It's hard to believe that we're already in final month of the first quarter of 2021. This year has flown by so quickly. And, yet, it doesn't really feel as if we've turned a corner on this corona pandemic. Not yet anyway.
Here we are in March for the third 2021 installment of our #EattheWorld project, being spearheaded by Evelyne of CulturEatz. Here's her challenge. This month, we are sharing recipes from Luxembourg. Here's the #EattheWorld line-up...
- Tara’s Multicultural Table: Kniddelen (Luxembourgish Dumplings)
- Radha: Gromperekichelcher
- Sugarlovespices: Luxembourg Sweet Love Pretzels
- Palatable Pastime: Chicken in Riesling
- Amy’s Cooking Adventures: Bouchée à la Reine (Vol-au-Vent)
- Pandemonium Noshery: Bouneschlupp - Luxembourg Green Bean Soup
- Culinary Adventures with Camilla: Bou’neschlupp
- Kitchen Frau: Stäerzelen (Buckwheat Dumplings)
- A Day in the Life on the Farm: Gromperekichelcher (Potato Pancakes)
- Sneha’s Recipe: Gromperekichelcher-Luxembourg Potato Fritters
- Making Miracles: Coq Au Riesling
Interestingly enough, the day that Evelyne announced our destination, my family and I had just been talking about the Benelux countries. I left the dining room, looked and my computer, and started laughing. Luxembourg! Okay.
I can't remember the topic that was going on around our dinner table that evening — whether we were discussing languages, geography, or economics — but I do remember pointing out that it was a portmanteau formed from joining the first few letters of each country's name: Belgium, Netherlands, Luxembourg.
During the three years that I lived in the Netherlands, I don't ever remember visiting Luxembourg. What a shame! I will have to ask my mom and dad, but I suspect that we drove through the country and didn't really stop to explore.
From my research, I think I would have loved the food from Luxembourg. From creamy fish dishes to crisped potato cakes many of Luxembourg’s traditional foods reflect the country's agrarian heritage and its location between Germany, France, and Belgium. In the county's cuisine I see the melding of rustic German practicality and French sophistication. I cannot wait to see those Gromperekichelcher (Potato Pancakes) from Wendy, Sneha, and Radha. I love potato cakes from any country!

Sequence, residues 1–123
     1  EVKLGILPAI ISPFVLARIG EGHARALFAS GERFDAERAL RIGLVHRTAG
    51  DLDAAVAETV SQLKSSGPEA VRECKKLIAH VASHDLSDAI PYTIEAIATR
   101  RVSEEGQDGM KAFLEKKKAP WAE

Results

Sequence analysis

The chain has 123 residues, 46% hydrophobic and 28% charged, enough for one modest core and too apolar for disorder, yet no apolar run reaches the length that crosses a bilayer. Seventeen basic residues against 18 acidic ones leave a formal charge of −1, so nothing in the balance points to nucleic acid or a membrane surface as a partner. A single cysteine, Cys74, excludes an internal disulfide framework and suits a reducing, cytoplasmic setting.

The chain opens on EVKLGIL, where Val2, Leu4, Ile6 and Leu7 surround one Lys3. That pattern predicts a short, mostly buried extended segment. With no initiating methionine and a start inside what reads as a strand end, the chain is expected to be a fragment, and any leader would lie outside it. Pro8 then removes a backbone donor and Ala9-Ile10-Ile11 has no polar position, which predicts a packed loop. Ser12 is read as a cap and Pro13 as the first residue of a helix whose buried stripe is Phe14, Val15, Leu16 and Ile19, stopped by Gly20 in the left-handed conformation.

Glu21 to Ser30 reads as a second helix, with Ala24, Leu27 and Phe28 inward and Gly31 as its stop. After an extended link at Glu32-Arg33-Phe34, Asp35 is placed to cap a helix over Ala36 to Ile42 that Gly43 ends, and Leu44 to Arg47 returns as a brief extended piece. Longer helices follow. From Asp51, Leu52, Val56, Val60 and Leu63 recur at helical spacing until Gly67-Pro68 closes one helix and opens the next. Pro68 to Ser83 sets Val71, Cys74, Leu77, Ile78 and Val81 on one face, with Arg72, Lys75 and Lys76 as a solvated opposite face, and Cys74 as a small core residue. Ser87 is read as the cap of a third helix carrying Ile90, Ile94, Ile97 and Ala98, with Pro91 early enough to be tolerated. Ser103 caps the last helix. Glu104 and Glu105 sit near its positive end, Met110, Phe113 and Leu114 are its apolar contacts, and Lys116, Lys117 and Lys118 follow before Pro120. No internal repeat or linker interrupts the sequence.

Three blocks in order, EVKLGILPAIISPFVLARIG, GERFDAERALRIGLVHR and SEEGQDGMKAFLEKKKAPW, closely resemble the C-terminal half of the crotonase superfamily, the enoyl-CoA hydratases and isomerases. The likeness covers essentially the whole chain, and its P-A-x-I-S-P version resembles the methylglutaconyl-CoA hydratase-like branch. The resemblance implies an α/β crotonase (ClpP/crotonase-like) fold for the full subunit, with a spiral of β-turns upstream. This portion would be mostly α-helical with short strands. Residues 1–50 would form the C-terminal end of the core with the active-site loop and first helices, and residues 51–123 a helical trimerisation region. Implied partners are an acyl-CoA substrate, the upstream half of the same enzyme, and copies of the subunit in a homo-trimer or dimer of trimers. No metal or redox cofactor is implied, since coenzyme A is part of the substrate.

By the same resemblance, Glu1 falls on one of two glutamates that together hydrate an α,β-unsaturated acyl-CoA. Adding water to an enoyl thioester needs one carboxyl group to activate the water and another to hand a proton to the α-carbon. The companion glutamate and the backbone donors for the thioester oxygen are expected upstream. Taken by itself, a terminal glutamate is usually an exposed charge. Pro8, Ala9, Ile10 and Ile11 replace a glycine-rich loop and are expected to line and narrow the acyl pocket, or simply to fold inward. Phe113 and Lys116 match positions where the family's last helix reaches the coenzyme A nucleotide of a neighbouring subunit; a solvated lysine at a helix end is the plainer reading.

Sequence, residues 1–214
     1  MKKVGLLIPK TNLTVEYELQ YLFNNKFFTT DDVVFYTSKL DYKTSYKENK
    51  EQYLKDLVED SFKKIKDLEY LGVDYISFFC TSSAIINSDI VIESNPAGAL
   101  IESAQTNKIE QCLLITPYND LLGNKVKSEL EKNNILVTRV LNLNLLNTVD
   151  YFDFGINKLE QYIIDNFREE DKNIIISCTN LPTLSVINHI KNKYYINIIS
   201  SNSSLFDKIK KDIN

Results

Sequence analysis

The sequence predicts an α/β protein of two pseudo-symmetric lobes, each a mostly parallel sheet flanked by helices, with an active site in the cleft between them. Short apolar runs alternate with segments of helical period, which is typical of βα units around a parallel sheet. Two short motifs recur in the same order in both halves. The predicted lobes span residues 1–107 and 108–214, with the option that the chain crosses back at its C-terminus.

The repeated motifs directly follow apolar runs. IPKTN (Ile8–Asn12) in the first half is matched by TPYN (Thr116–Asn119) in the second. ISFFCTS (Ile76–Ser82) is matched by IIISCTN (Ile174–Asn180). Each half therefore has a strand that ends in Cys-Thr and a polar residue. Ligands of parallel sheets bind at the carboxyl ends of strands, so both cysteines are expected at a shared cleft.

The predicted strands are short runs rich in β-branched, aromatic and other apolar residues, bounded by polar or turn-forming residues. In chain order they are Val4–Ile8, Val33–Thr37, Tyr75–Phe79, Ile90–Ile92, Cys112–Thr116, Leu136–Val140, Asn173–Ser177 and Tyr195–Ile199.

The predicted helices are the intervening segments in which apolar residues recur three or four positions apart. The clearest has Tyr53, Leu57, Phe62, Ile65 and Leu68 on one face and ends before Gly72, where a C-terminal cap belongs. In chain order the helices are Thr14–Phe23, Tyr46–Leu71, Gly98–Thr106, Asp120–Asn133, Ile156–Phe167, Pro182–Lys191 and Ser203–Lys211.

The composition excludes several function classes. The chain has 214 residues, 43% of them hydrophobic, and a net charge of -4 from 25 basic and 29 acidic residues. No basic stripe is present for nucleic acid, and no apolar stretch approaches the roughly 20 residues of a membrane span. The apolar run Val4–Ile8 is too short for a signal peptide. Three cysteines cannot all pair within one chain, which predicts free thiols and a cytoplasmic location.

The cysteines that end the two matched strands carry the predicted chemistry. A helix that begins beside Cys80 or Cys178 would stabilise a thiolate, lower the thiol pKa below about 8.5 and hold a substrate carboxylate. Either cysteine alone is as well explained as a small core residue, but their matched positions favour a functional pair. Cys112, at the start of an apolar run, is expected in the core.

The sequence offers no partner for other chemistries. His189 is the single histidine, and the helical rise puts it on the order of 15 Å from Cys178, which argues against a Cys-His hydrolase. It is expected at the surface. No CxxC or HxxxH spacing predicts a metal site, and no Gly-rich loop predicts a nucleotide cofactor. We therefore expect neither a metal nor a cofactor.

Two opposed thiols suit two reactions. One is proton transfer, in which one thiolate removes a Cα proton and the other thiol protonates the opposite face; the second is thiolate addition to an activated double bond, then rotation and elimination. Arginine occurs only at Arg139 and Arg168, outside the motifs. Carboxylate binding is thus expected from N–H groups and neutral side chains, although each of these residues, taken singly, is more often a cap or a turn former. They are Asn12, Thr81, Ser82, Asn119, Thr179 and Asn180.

But I was intrigued by Bou’neschlupp (also spelled Bouneschlupp as Jules of Panedmonium Noshery has titled hers). It's a hearty, vegetable-heavy stew that features potatoes, green beans, and either bacon or sausages. I knew it would be a perfect one pot dinner for a mid-week meal. And, mine isn't traditional; it has, as most of my foods do, a California twist...simply because I use whatever vegetables I have.
Many recipes I found called for celeriac or celery root. I had some beautiful kohrabi from our CSA (community-supported agriculture) box, so I used those. And I added in some Chinese cauliflower florets as well. Not traditional, as I wrote, but very delicious.
Ingredients serves 4 to 6
- 1 cup diced onions
- 1 cup chopped carrots
- 1 cup kohlrabi, peeled and diced
- 4 cups potatoes, scrubbed and sliced into wedges or cubes
- 2 cups green beans, trimmed and cut into 1-inch lengths
- 4 cups chicken stock
- 2 cups water (or you can use 6 cups chicken stock if you like)
- 2 bay leaves
- 2 cup Chinese cauliflower florets (they are like white broccolini)
- 1 cup sour cream
- 4 sausages, cooked (mettwurscht is traditional, I used a beer bratwurst)
- freshly ground salt, to taste
- freshly ground pepper, to taste
Place the onions, carrots, kohlrabi, and potatoes in a large soup pot. Pour in the stock and water. Nestle the bay leaves in the liquid and bring to a boil. Turn down the heat to a simmer and cook until the kohlrabi and potatoes are fork tender, approximately 20 to 25 minutes.
Stir in the green beans and cauliflower florets and simmer for another 5 minutes. Remove the pot from the heat and whisk in the sour cream until it is completely dissolved. Cover and let stand while you prepare the sausages.
Slice the cooked sausages in half lengthwise and cook them in a skillet until they are nicely browned.
Season the soup to taste with salt and pepper, as needed.
Ladle soup into individual serving bowls, making sure that you have a good combination of all the vegetables. Place a grilled sausage or two into each bowl. Serve immediately.
That's a wrap for the #EattheWorld virtual trip to Luxembourg. Stay tuned for our next destination in April!
I have been so excited to see how yours turned out! I love when there are doubles to see the differences. yours looks absolutely delicious, I love the California twist. And thanks for the shout out!ReplyDelete
Love the vegetables you've used in here! Sounds and looks pretty tasty.ReplyDelete
What a gorgeous soup. So colorful and, being the carnivore that I am, I love that piece of sausage included.ReplyDelete
I don't know where the last year went and am still in a bit of denial that it is March and almost our anniversary again (March 13 when everything got shut down). Hope we both get to really visit Luxembourg someday! All I got from my dad when asking about visiting there as a toddler is that I really loved the fries. This looks like such a delicious one pot meal, especially with the sausage. I love how easily it comes together for weeknights too!ReplyDelete
This is a wonderful soup Camilla! Love the colorful veggies in it and would love a vegetarian version of this.ReplyDelete
I'm going to have to try this soon - love all those veggies packed in there!!ReplyDelete
This looks amazing! Perfect for this time of year!ReplyDelete
I love that you gave you own touch to this wonderful dish, it looks so appetizingReplyDelete
Your soup is so beautiful and colourful - like springtime in a bowl. I love how you've kept the vegetables in larger pieces.ReplyDelete